Former Mayor Jim Brown echoed Schneier’s sentiments, “I don’t know when this became a commission that didn’t have majority rule. We have two people up there who can find a thousand ways to kill the goose that laid the golden egg. We had everything and now it’s gone. I just don’t understand why the majority is not ruling. It should be a simple vote. I don’t know why because two people don’t like those people, we don’t have it anymore.”

Commissioner Irwin Pastor did not understand why the commission did not have consensus.

“Why are we still talking about the previous collaboration? That is the past; we’ve got to move forward. I thought we had consensus on what we’re going to do. One, build the outdoor theatre, two, build support in the community, three hold the charrettes. Why are we antagonizing ourselves? It’s going to work out, it’s going to be a great thing,” said Pastor.

Pastor focused the conversation on the future once more, “We do have a plan; the only thing we’re missing is an operator for the facility. If there’s enough excitement and enthusiasm an operator will come. We have to be excited ourselves. Let’s work together; let’s make it happen. The educational part is going to happen. What we’re missing is the arts portion.”

In the end, the commission reached consensus to have Town Manager Tom Harmer activate the current site as an outdoor venue by installing basic water connections and electricity, make a concept plan for what will be included in the ACE Center, and make a process to engage the residents for public input regarding the ACE Center concept plan.

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2 Responses for “Longboat debates cultural center”

  1. I am an artist and a property owner on LBK. I used the LBK Art Center for many years and only stopped when the Ringing management took over. The programs were changed and there didn’t seem to be the art instruction that attracted the artists anymore. I am now a member of Art Center Sarasota and also the Bradenton Art Center where I regularly take classes. I was disappointed when the LBK Art Center closed but delighted to hear that a new Art Center would be constructed to replace it. I feel there is a need for the project to proceed to encourage visual and performing arts within our own community and allow it to continue to thrive on the island as it does on the mainland in Sarasota and Bradenton. It is my opinion that if Ringling is allowed to manage the center and takes the same approach as they did in the original center, it will not serve the needs of the artisans in the art community. I suggest that the management model employed by Art Center Sarasota and Bradenton be considered since they have created very successful and popular operations that enjoy very strong support from the community. I am confident that there is sufficient support for fine art/performing art within the LBK community to assure the success of this project.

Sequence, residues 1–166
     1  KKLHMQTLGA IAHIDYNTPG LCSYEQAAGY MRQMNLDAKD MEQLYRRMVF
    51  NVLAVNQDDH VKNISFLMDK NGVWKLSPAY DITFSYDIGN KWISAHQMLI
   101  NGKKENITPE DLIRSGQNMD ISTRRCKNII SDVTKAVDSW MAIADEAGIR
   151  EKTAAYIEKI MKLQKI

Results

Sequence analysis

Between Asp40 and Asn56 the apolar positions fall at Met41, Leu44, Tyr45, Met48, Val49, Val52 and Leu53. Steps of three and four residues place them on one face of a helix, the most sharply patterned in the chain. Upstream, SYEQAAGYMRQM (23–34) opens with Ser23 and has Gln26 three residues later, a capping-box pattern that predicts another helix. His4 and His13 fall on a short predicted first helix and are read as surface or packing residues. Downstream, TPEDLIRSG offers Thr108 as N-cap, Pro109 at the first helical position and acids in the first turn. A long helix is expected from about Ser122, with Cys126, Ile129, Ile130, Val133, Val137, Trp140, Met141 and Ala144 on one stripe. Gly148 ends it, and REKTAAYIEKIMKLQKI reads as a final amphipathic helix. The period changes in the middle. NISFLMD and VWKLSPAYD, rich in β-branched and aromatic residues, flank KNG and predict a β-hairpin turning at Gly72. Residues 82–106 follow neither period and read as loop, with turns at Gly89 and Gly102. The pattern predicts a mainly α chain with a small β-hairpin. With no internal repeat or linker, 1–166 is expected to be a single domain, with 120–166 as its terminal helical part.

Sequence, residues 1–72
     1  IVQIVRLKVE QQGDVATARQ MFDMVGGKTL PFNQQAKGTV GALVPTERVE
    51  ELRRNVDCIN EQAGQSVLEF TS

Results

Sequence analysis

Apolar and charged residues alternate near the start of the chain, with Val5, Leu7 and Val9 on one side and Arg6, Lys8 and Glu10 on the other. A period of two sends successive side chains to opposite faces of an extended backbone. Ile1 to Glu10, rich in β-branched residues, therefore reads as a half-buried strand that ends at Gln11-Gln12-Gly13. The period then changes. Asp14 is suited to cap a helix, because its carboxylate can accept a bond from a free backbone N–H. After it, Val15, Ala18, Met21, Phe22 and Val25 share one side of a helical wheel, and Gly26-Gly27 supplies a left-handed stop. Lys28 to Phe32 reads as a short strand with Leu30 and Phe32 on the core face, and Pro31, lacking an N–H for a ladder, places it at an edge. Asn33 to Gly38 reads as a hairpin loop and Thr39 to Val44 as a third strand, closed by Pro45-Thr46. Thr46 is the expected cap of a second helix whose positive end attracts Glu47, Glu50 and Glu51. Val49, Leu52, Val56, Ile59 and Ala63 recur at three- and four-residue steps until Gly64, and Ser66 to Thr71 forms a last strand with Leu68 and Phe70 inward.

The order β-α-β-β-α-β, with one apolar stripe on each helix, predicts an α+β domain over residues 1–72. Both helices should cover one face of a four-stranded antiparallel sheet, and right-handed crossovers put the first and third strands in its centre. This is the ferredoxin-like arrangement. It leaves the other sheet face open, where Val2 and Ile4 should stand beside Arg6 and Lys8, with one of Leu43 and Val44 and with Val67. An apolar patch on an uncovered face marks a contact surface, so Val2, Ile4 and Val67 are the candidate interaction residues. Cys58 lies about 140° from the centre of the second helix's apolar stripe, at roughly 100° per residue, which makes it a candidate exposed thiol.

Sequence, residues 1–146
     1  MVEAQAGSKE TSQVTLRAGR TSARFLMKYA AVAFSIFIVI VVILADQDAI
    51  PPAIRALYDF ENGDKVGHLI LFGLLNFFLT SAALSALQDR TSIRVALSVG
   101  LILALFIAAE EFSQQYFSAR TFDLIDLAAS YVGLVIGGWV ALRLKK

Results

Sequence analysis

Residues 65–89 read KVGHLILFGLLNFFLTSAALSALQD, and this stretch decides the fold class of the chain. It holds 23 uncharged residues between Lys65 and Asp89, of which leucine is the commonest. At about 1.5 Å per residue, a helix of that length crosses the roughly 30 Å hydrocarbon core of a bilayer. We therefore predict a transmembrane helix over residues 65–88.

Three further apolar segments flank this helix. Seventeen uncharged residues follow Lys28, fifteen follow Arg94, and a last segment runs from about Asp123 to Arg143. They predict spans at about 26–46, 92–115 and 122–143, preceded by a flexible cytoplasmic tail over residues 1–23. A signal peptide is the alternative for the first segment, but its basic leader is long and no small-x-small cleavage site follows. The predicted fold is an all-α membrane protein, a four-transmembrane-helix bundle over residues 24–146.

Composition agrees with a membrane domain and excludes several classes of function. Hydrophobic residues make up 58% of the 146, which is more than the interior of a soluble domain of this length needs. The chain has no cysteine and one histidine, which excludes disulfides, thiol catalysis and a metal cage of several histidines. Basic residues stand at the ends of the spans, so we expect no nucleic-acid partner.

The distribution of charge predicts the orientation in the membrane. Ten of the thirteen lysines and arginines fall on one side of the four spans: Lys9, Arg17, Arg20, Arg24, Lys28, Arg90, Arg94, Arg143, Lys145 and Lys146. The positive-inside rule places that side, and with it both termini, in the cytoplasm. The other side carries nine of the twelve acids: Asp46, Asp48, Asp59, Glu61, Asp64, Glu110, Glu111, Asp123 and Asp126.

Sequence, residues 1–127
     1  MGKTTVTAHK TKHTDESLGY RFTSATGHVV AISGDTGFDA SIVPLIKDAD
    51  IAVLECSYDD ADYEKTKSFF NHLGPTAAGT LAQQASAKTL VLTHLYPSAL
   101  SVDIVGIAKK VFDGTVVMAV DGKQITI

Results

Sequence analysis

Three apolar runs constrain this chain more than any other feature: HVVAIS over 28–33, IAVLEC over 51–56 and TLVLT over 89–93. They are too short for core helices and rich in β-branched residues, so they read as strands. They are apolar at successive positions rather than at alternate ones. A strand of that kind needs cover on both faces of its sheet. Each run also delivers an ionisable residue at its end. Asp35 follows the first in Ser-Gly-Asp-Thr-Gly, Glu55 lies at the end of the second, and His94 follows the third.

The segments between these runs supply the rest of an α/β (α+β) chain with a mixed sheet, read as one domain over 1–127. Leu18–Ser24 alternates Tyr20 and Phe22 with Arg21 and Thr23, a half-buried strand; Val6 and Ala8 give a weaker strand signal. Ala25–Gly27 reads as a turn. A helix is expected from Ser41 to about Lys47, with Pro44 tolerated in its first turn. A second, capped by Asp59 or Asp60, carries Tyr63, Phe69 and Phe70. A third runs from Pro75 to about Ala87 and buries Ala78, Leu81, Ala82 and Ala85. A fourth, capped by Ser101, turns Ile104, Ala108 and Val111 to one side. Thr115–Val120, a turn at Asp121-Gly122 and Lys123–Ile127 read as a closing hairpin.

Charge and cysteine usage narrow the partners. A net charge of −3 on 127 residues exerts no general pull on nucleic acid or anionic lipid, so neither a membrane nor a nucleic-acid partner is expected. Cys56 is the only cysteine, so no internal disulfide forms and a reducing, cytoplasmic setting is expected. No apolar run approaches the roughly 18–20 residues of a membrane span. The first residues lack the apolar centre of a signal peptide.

2. Sunny Gravy says:

    The only people who want this building are the Commissioner’s and a few diehards.This same thing was voted down by the resident voters.